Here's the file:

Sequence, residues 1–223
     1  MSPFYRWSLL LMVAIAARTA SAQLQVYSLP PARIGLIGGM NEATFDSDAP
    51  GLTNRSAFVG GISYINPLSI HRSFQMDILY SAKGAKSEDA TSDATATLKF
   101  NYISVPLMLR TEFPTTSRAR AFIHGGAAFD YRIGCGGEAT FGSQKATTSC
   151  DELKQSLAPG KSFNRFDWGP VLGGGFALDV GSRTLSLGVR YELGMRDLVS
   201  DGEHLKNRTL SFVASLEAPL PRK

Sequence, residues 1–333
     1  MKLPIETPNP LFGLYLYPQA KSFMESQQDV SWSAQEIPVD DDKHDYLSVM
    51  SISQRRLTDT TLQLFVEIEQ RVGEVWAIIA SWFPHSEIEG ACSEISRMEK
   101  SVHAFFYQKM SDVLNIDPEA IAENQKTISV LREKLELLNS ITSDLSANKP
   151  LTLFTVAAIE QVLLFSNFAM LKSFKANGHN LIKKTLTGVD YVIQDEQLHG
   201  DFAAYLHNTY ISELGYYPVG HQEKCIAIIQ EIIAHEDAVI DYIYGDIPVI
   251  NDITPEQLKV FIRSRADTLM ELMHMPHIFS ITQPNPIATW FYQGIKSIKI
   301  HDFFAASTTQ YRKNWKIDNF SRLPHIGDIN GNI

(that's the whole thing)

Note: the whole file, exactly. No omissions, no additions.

Sequence, residues 1–223
     1  MSPFYRWSLL LMVAIAARTA SAQLQVYSLP PARIGLIGGM NEATFDSDAP
    51  GLTNRSAFVG GISYINPLSI HRSFQMDILY SAKGAKSEDA TSDATATLKF
   101  NYISVPLMLR TEFPTTSRAR AFIHGGAAFD YRIGCGGEAT FGSQKATTSC
   151  DELKQSLAPG KSFNRFDWGP VLGGGFALDV GSRTLSLGVR YELGMRDLVS
   201  DGEHLKNRTL SFVASLEAPL PRK

Sequence, residues 1–333
     1  MKLPIETPNP LFGLYLYPQA KSFMESQQDV SWSAQEIPVD DDKHDYLSVM
    51  SISQRRLTDT TLQLFVEIEQ RVGEVWAIIA SWFPHSEIEG ACSEISRMEK
   101  SVHAFFYQKM SDVLNIDPEA IAENQKTISV LREKLELLNS ITSDLSANKP
   151  LTLFTVAAIE QVLLFSNFAM LKSFKANGHN LIKKTLTGVD YVIQDEQLHG
   201  DFAAYLHNTY ISELGYYPVG HQEKCIAIIQ EIIAHEDAVI DYIYGDIPVI
   251  NDITPEQLKV FIRSRADTLM ELMHMPHIFS ITQPNPIATW FYQGIKSIKI
   301  HDFFAASTTQ YRKNWKIDNF SRLPHIGDIN GNI